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  10. “The painting is very different from the photograph. I could never render the photograph ethically or emotionally”
    “I don’t know if there would be a way to address the subject without some way of approaching it on a personal level” (Boucher, 2).

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  11. “Lucian is cool but Lucian don’t write
    Doug ain’t this tight, so
    Fuck what we sellin’
    Fuck is we makin’?
    ‘Cause their grass is greener
    ‘Cause they always rakin’ in mo'” (“Moonlight”, Jay-Z)

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  12. “At night I would play my music, the few ‘good’ records I had… they seemed like minor pieces of a much larger puzzle.” (Kunzru 134-135)

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  13. “The subject matter is not Schutz’s; white free speech and white creative freedom have been founded on the constraint of others, and are not natural rights.” (Art World 3/16)

    “‘That doesn’t make them like you any better. It’s theirs. They’d rather you left it to them. Even if you did something, I don’t know, really selfless. Black lives matter or whatever. They still wouldn’t like you.'” (Kunzru, 152-153)

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  14. “I truly believe that while she may have felt a particular level of empathy as she declares, it was lost when true engagement with the subject was required. This was most likely from fear, broached by thick brushstrokes.” — Boucher, “Dana Schutz Responds to the Uproar Over Her Emmett Till Painting at the Whitney Biennial.”

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  15. I am unable to separate one thing from another. It all comes at me in a swirl, a storm. The casual way he says that Carter will never wake up. The knowledge that I have nothing, that at a stroke he has taken it all from me. The way he can tell me all this in his unreachable, impermeable voice.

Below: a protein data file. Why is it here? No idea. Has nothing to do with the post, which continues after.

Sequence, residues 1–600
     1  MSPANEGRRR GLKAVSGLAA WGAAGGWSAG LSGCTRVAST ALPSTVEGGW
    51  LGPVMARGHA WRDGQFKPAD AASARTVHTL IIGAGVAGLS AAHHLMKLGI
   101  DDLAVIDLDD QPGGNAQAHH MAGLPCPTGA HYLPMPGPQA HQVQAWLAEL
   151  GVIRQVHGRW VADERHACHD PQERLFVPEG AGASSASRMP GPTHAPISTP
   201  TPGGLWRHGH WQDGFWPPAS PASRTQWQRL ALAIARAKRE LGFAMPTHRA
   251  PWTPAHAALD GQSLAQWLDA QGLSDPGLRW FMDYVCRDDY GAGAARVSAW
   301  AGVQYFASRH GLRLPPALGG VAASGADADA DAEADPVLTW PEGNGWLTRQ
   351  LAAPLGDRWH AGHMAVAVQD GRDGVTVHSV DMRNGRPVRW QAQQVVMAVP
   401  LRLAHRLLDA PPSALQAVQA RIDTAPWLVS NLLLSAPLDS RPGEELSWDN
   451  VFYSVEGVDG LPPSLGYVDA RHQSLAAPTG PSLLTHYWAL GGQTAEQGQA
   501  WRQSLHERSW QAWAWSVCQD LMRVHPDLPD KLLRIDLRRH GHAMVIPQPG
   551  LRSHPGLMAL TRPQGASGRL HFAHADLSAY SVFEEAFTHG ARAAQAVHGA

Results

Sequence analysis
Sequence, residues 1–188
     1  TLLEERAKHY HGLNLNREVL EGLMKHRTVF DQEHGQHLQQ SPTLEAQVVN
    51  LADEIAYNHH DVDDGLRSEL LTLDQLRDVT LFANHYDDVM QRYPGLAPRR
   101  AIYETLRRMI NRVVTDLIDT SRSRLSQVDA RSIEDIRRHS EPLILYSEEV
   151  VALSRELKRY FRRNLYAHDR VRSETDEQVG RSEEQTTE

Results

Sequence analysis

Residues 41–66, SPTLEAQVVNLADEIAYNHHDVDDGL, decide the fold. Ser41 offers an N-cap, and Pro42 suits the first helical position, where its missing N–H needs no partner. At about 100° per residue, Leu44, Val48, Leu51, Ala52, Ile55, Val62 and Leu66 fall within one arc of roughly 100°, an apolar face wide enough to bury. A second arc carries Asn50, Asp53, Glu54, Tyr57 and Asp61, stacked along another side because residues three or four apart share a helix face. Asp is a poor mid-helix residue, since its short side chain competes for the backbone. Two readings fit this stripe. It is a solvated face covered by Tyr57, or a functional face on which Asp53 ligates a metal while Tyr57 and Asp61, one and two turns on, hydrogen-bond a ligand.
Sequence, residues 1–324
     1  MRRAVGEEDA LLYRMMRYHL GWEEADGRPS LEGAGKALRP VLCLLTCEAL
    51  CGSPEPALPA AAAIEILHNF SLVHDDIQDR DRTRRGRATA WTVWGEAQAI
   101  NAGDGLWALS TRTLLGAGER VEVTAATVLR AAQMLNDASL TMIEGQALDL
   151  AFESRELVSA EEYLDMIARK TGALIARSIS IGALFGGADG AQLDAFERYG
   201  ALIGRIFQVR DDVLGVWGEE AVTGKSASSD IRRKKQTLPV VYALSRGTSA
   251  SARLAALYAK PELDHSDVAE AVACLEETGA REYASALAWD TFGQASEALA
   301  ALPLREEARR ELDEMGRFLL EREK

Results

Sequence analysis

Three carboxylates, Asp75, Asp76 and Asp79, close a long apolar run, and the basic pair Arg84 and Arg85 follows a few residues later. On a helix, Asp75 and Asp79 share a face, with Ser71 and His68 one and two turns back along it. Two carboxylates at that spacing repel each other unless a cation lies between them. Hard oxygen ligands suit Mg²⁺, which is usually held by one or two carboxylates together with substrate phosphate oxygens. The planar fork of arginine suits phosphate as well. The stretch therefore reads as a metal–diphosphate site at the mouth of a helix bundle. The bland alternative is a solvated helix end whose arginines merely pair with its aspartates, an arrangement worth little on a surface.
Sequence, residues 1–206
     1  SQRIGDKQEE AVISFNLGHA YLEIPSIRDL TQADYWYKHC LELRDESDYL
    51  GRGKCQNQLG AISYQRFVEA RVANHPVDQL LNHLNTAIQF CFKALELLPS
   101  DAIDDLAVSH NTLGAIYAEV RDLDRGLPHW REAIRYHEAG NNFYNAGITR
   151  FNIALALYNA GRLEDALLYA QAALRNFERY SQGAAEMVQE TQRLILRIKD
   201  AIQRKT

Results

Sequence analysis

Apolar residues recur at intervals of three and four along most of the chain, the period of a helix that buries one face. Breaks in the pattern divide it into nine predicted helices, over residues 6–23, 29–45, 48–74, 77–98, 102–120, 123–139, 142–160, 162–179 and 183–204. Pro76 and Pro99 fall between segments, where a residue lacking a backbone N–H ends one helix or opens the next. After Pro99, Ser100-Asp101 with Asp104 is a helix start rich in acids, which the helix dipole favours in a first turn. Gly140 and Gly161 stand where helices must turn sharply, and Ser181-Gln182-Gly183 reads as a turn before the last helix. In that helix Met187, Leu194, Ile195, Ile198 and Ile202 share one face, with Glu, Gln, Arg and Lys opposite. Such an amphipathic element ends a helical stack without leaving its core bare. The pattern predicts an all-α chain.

110

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  16. “Some claim an artist’s right to depict any subject they choose, and rail against what they call censorship; others point out that white privilege and the appropriation od black experience is as old as America itself, and inherently pernicious” (Social Media Erupts as the Art World Splits in Two Over Dana Schutz Controversy).

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  17. There are two parts that really struck me:

    “The painting should not be acceptable to anyone who cares or pretends to care about Black people because it is not acceptable for a white person to transmute Black suffering into profit and fun, though the practice has been normalized for a long time” – Hannah Black “Painting of Emmett Till at Whitney Biennial Sparks Protest”

    “Although derided by many white and white-affiliated critics as trivial and naive, discussions of appropriation and representation go to the heart of the question of how we might seek to live in a reparative mode, with humility, clarity, humor, and hope, given the barbaric realities of racial and gendered violence on which our lives are founded. I see no more important foundational consideration for art than this question, which otherwise dissolves into empty formalism or irony, into a pastime or a therapy.” – Hannah Black “Painting of Emmett Till at Whitney Biennial Sparks Protest”

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  18. There are two parts that really struck me:

    “The painting should not be acceptable to anyone who cares or pretends to care about Black people because it is not acceptable for a white person to transmute Black suffering into profit and fun, though the practice has been normalized for a long time” – Hannah Black “Painting of Emmett Till at Whitney Biennial Sparks Protest”

    “Although derided by many white and white-affiliated critics as trivial and naive, discussions of appropriation and representation go to the heart of the question of how we might seek to live in a reparative mode, with humility, clarity, humor, and hope, given the barbaric realities of racial and gendered violence on which our lives are founded. I see no more important foundational consideration for art than this question, which otherwise dissolves into empty formalism or irony, into a pastime or a therapy.” – Hannah Black “Painting of Emmett Till at Whitney Biennial Sparks Protest”

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  19. “‘That doesn’t make them like you any better. It’s theirs. They’d rather you left it to them. Even if you did something, I don’t know, really selfless. Black lives matter or whatever. They still wouldn’t like you.’” (White Tears 152)